And then there are us…

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Antonio Barrios, who would probably have some sort of inadequate pension and who has family in the community, and with his loyal dog Fulo laying nearby in the shade to stand guard, keeps HIS business in Las Uvas de San Carlos open during the pandemic. Photo by Eric Jackson.

Nearly half of Panama’s working people, a majority of businesspeople, but not counted

by Eric Jackson

What to do about the informal economy? Precisely none of the Cortizo cabinet’s coronavirus emergency decrees and proposals address the situations of the more than 40 percent of Panama’s working population who fend for themselves without lawyers, CPAs, enough income to trigger the need to keep books or pay income taxes or coverage by Seguro Social. For these folks, the choice when sick may be to go out on the street and sell or starve, which presents a major public health issue.

When counting who is employed and who is not, the government likes to count informal workers as “employed” so as to keep unemployment figures in a country with no real unemployment insurance system at a rate that looks acceptable. Never, in any of the boards or commissions or political party organizations, are these people represented or considered.

Come election time their votes may be purchased — so politicians hope — with a T-shirt or a baseball hat or some building materials or a bag of groceries. The votes do count, and the purchase of votes, which is illegal, usually with public resources, which is much more illegal, never gets punished.

Do we want to look at it from the business perspective? The informal micro-entrepreneurs are the vast majority of people who own and run businesses in Panama. The rabiblanco businesses discount them because the do not have a RUC, unique business tax number. Also pretty much excluded — or shall we say segregated? — by those who pretend to represent Panamanian business are the small, sometimes larger than small, Chinese family retail businesses. The high and mighty and their businesses are outnumbered by the mini-supers.

Come election time, there are local politicians who are regular customers or friends, or who will offer something or threaten something, to get their signs at the mini-super. Usually they have to know and navigate the ways of Confucian political ethic, even if the proprietors may be generations removed from China. And then there are the political parties, most especially the PRD, who deal with the Chinese merchants not so much as businesspeople but as the Chinese community. The PRD has long reminded Chinese-Panamanians of who Arnulfo Arias stripped Chinese-Panamanians of their citizenship, even if they, their parents and their grandparents were born here. But that was 1941. Times and political alignments have changed a bit in that time.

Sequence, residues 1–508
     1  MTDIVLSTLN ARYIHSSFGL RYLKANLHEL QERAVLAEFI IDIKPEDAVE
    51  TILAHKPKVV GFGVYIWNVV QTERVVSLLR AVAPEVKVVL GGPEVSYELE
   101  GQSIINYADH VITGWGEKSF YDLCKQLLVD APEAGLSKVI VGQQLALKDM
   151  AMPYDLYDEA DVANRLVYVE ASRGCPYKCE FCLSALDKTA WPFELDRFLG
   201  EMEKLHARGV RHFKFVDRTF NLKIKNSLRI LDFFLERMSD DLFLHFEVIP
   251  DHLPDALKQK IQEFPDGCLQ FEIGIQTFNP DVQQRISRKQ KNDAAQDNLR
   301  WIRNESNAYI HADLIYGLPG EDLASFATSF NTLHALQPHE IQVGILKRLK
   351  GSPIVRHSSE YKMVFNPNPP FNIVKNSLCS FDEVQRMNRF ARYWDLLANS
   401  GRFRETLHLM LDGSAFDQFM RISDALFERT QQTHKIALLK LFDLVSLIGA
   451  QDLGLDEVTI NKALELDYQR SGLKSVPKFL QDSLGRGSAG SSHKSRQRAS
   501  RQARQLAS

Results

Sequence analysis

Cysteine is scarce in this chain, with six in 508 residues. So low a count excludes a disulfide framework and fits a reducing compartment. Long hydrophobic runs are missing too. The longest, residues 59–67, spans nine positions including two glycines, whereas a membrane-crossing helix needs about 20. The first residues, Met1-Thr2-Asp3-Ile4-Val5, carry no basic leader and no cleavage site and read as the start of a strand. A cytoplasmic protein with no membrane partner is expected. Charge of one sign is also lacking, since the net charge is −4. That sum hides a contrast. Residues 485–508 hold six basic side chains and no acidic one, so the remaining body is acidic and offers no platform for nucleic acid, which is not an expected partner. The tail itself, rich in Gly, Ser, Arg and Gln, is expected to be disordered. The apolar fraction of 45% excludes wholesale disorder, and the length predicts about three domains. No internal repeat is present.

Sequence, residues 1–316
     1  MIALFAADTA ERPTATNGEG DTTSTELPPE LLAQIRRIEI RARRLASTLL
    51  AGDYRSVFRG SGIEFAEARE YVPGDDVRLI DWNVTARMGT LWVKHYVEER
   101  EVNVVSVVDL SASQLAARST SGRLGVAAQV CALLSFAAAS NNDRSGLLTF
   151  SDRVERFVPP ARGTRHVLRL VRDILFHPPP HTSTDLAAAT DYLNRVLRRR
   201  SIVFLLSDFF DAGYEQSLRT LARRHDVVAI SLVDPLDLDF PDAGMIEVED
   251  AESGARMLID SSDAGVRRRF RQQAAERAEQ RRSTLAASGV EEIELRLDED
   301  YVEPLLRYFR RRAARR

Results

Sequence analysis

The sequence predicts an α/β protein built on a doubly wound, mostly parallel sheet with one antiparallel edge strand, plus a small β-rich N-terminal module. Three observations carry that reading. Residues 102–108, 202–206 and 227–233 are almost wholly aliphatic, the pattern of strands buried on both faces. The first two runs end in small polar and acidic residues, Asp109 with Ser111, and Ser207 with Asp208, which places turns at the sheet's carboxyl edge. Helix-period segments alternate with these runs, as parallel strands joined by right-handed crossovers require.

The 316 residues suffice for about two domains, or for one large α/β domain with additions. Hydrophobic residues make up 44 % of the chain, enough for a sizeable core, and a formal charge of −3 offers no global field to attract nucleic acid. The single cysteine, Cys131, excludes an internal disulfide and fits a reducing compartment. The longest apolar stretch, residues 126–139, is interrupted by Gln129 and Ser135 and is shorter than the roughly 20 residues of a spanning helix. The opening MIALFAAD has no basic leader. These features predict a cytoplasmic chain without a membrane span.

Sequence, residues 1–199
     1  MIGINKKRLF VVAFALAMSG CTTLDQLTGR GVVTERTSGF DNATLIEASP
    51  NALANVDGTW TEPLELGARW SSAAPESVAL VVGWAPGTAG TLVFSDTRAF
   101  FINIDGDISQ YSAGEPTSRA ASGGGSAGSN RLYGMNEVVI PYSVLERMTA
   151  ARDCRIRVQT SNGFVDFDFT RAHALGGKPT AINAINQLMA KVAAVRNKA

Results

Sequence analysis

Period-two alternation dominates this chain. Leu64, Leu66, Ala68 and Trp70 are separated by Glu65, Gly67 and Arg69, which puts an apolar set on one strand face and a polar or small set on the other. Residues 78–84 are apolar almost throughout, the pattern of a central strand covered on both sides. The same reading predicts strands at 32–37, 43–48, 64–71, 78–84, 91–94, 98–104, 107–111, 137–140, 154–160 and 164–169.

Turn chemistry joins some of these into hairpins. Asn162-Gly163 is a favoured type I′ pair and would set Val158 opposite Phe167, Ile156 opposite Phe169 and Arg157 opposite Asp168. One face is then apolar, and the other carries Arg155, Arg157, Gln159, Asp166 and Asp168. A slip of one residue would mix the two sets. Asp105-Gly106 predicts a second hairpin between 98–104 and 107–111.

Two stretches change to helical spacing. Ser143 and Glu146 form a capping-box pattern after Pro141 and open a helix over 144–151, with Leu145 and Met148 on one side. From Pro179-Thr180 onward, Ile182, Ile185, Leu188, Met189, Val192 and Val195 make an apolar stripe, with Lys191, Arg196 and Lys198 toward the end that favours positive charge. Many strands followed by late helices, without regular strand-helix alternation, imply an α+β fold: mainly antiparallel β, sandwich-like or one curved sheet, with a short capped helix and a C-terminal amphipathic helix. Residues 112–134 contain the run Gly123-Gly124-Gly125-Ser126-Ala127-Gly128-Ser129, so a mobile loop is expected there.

Yes, it will be easy for Nito and his ministers to dismiss the micro-entrepreneurs as unorganized and unorganizable. Those who are very rich because of hard labor — other people’s — may call them “unemployable” because THEY don’t and probably wouldn’t employ them. But consider what it would mean if in some small community the family that runs the only mini-super gets quarantined. Consider what it would mean if someone who needs to go out and sell to have money to buy food is ordered to stay at home and this order is enforced by the police. Consider what it would mean if people who are sick and contagious are out on the streets working because otherwise they can’t live.

Just because nobody who lives that way, or has lived that way, sits around the cabinet table does not make the situations go away. The informal economy is, directly, hundreds of thousands of PANAMANIANS, even if the screed is to dismiss everyone in it as foreigners without work permits. The foreigners involved are, albeit a small minority, enough to make a little critical mass of contagion if they are ruled out of the public health equation and driven underground.

So what about US, those who outnumber those who “count?” Business loans and tax breaks for those with RUCs and pale faces barely begin to meet our needs, even if it is true that others left totally destitute buy fewer bananas and can’t donate to keep independent journalism going.

This health crisis is an even worse economic crisis for Panama. It’s going to last for months, probably with the economic crisis lingering longer than the health issue. The government will need to address situations and needs that so far it has not.

 

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